Unregulated Jewish faith schools constricting the lives of thousands of London boys

Muslims have their madrassas and Jews have their yeshivas. The problems come when these religious schools—schools that teach only religion—are used as substitutes for the broader education required by most Western countries. Sadly, that is happening with both Jews and Muslims in Britain, according to new articles in East London Lines (ELL), in The Guardian, and in The Independent. These pieces concentrate on the problem with Jewish schools, and mention that the religious-education issue certainly extends to some Muslim schools.

But the evidence we have is for Jewish schools. Apparently these include both secret “unregistered” schools as well as schools that have applied for legal status, but which have been rejected on the ground of their hyper-religious education. One of the latter includes the Charedi Talmud Torah Tashbar School in Stamford Hill (an area of London), which has just been ordered to close in February. Why? Because its 200 pupils, who attend only that school (students are between ages 3 and 13), are taught exclusively in Hebrew and have no subjects other than religion and a bit of mathematics. Some of the graduates, even in their late teens, can barely speak English!

Between 2012 and 2014, the school was inspected three times, failing every time. And yet it was permitted to operate—because of excessive respect for religion combined with some bigotry. From the ELL:

Campaigns manager Stephen Evans [from the National Secular Society] claimed that a desire not to upset religious sensitivities had led to a ‘softly-softly’ approach. He told Eastlondonlines: ”The lack of political will to make progress has been down to what I’ve previously called a ‘bigotry of low expectations’ – the mindset that says children from certain backgrounds are less entitled to a proper education than others. I hope we’re starting to see this change, nurturing integration rather than promoting segregation and social isolation.”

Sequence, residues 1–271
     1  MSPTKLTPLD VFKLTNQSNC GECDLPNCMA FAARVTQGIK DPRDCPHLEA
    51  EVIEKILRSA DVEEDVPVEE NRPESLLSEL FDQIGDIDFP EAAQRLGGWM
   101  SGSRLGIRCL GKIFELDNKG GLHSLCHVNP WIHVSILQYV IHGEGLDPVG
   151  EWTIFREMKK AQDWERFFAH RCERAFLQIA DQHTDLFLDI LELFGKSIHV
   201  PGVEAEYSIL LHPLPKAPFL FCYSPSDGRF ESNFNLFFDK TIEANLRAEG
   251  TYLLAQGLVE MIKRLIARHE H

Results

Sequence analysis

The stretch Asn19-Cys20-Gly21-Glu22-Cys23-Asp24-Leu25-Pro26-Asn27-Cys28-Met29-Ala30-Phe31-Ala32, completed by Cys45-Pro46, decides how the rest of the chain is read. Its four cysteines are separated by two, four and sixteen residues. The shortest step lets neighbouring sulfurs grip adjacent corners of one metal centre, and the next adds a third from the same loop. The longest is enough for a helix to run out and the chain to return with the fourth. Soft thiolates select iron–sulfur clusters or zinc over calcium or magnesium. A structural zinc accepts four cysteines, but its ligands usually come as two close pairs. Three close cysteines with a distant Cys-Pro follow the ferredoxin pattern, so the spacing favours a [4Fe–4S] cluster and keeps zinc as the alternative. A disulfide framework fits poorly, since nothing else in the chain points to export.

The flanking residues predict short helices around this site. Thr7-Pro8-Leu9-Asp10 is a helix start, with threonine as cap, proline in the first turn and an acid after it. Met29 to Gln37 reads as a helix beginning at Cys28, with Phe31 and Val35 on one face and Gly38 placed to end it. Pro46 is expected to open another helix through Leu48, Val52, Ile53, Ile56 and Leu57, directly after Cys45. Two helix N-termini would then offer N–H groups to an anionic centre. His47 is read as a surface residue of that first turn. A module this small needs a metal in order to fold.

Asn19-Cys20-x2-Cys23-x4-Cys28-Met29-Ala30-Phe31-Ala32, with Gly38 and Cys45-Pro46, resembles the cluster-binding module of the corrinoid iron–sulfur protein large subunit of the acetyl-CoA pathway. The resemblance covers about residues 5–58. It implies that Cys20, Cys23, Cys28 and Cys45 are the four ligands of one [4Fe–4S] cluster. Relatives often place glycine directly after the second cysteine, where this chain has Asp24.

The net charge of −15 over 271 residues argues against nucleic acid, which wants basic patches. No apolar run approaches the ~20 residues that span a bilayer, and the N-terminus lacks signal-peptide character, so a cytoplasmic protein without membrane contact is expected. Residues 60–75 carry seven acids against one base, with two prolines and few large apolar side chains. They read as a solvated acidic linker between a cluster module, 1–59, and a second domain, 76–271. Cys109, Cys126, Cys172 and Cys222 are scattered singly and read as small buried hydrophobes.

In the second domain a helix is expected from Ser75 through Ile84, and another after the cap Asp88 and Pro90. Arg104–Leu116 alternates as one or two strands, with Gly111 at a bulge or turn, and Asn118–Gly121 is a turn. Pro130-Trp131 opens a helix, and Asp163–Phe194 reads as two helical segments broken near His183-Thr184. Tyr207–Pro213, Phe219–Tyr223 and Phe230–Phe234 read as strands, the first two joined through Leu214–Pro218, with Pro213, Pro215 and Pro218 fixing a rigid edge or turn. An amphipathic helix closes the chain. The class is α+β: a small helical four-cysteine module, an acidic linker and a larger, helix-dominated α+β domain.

This kind of religious instruction, of course, not on propagandizes the children and basically forces them into a lifelong religious path, but constricts them and balkanizes them with respect to other children.

The Independent quotes the government inspectors’ conclusions:

Inspectors who investigated the school, which has more than 200 pupils, said that its curriculum, taught in Hebrew, encouraged “cultural and ethnic insularity because it is so narrow and almost exclusively rooted in the study of the Torah”.

The school was found to “severely restrict the spiritual, moral, social and cultural development of pupils” and prevent them from “developing a wider, deeper understanding of different faiths, communities, cultures and lifestyles, including those of England”.

But it gets worse. After 13, the age of bar mitzvah, these children are then shunted into completely secret yeshivas to continue their education—again, a wholly religious one. The Guardian gives data from one London borough:

According to the DfE’s 2012 briefing note, there are 800-1,000 Orthodox Jewish boys between the ages of 13 and 16 missing from the school system in the London borough of Hackney. And while this is the UK’s biggest Hassidic community, it is likely that similar situations exist in other areas where smaller groups live, including Salford and Gateshead.

Apparently these unregistered yeshivas are known to the British Government, but the authorities are slow to take action.

We tend to think mostly of Islam as the faith whose children are kept isolated from the greater society of Western countries—and the problem with secret madrassas in England has yet to be addressed—but the isolation is at least as bad for these Orthodox Jews. If you know anything about that way of life, you’ll know how dreadfully oppressive it is. And the children shunted into these faith schools have no choice. They will wind up as bearded and black-garbed promoters of superstition, and will force their wives and daughters into an equally constricting but even more submissive way of life.

It’s time for Britain to stop osculating the rump of faith, crack down on these reprehensible substitutes for “education,” and get rid of faith schools entirely.

h/t: Grania

 

53 Comments

  1. Posted January 19, 2016 at 2:15 pm | Permalink

    As a Brit I have to say that you are 100% correct about faith schools.

    • Posted January 19, 2016 at 2:20 pm | Permalink

      110% ! (Sorry, football-manager mode.)

  2. J.Baldwin
    Posted January 19, 2016 at 2:15 pm | Permalink

    Don’t underestimate the extent to which Christian homeschooling parallels their Abrahamic brethren.

    • eric